Disclosure document. All investors must receive a disclosure document containing specified topics. But note: There are separate federal and state statutes that always require disclosure of all material information--SEC Rule 10b-5 and Arizona’s counterpart—no exemption eliminates the duty under those statutes, or liabilities for failure to do so. Please click here to read the Disclosure Document requirements for the Arizona crowdfunding exemption.
Escrow and other purchaser protection. All investor funds must be deposited into a single escrow account maintained by a bank, credit union or other depository financial institution in Arizona (the law also refers to regulated trust company or corporate fiduciary, savings bank, savings and loan association) that maintains deposit or share insurance. Offers must state a “target offering amount” and an offering deadline (which must be between 21 days and one year from the date the offer is made) and at least 80 percent of the target offering amount must be in escrow by the stated deadline. Purchasers can cancel up to 48 hours before deadline or 72 hours after receiving notice of an early closing (any early closing requires notice to all purchasers).
Filing with Arizona Corporation Commission. At least ten days before the commencement of the offering, the issuer must file with the ACC: a prescribed notice, a copy of the disclosure document (the ACC is not expected to give it any “merit” review), a copy of the escrow agreement, and any other documents or information the commission may require.
Future quarterly reports required (perhaps forever). The issuer must provide to purchasers quarterly reports of compensation to directors and officers, and an analysis by the issuer's management of the business operations and financial condition of the issuer. (This requirement does not expire until all securities issued under the exemption are no longer outstanding).
Disqualifications. Certain kinds of issuers are disqualified (“blind pools” having no business plan, investment companies, and publicly reporting companies, as well as issuers who have been the subject of certain “bad boy” orders or violations (same if any person “affiliated with the issuer or offering” is subject of the same).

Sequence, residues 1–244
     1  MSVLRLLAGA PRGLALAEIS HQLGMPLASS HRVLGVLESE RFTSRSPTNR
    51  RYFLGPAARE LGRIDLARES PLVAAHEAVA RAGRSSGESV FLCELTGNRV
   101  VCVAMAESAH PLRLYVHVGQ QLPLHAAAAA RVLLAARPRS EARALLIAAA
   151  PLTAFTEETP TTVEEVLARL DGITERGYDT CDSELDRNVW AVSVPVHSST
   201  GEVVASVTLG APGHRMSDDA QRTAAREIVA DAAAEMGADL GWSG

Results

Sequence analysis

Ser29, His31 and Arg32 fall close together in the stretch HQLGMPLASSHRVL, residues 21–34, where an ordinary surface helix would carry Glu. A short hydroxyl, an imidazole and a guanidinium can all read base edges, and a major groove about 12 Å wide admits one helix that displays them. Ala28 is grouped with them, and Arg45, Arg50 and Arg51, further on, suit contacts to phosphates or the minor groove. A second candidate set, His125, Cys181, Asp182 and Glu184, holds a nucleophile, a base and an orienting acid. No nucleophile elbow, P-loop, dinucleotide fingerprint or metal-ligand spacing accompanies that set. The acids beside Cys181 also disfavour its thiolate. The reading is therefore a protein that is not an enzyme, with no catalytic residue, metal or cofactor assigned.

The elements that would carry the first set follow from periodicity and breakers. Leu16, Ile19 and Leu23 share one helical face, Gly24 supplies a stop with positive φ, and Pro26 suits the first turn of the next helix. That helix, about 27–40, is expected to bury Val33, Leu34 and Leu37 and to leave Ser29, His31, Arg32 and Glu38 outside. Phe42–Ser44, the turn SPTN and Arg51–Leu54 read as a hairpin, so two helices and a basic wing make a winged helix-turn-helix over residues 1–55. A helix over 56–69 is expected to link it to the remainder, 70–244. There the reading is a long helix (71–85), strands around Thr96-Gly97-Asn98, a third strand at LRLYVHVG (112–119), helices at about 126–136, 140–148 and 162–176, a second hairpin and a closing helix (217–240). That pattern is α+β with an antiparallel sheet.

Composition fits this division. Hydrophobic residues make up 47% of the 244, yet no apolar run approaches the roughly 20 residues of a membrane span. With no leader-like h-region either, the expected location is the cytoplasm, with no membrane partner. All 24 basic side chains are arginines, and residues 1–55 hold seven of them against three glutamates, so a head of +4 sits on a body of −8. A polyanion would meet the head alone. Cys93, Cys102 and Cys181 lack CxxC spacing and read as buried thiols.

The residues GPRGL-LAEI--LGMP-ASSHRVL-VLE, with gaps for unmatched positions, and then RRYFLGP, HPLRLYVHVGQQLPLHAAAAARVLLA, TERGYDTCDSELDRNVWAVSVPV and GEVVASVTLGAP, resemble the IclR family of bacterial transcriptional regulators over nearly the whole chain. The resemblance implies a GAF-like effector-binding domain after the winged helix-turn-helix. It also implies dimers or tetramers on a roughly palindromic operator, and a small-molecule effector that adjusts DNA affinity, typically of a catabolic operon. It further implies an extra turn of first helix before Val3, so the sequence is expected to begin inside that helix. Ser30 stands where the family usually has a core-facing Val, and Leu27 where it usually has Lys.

Determination of residency and investor status. Each purchaser is required to make a prescribed certification that he or she understands the risks of the investment, and the issuer must obtain evidence that the prospective purchaser is an Arizona resident (drivers license, voter registration or general property tax records suffice) and evidence that anyone purchasing more than $10,000 is an accredited investor (“self-certification” is probably not evidence.)
Will the exemption be useful? Commentators differ. Some say, if one who is enthusiastic about a company can now put in their money and get a T-shirt, why not let them get a piece of the action? Others predict that crowdfunding will attract investors who are less sophisticated and who do less due diligence simply because they are investing smaller amounts, and therefore crowdfunding money will have a stigma of poorer quality—the company may be perceived as one that couldn’t raise “smart money”—and that the inability of investors to know, before investing, who else is “in the deal” will also lead to lower quality (because traditional investors have the reassurance of knowing whether other, presumably “smart” money, is being invested, as a check on the quality of the investment). But other commentators have said that crowdfunding may work best if local information is used by local investors, who are in a better position to know that a local business can or cannot succeed in their market. In that case, the money actually is smart, on a local basis.
The SEC’s proposed federal crowdfunding rules, first released in October 2013, were not finalized as of the date of this Client Alert.
If you have any questions regarding this article, please contact Scott DeWald: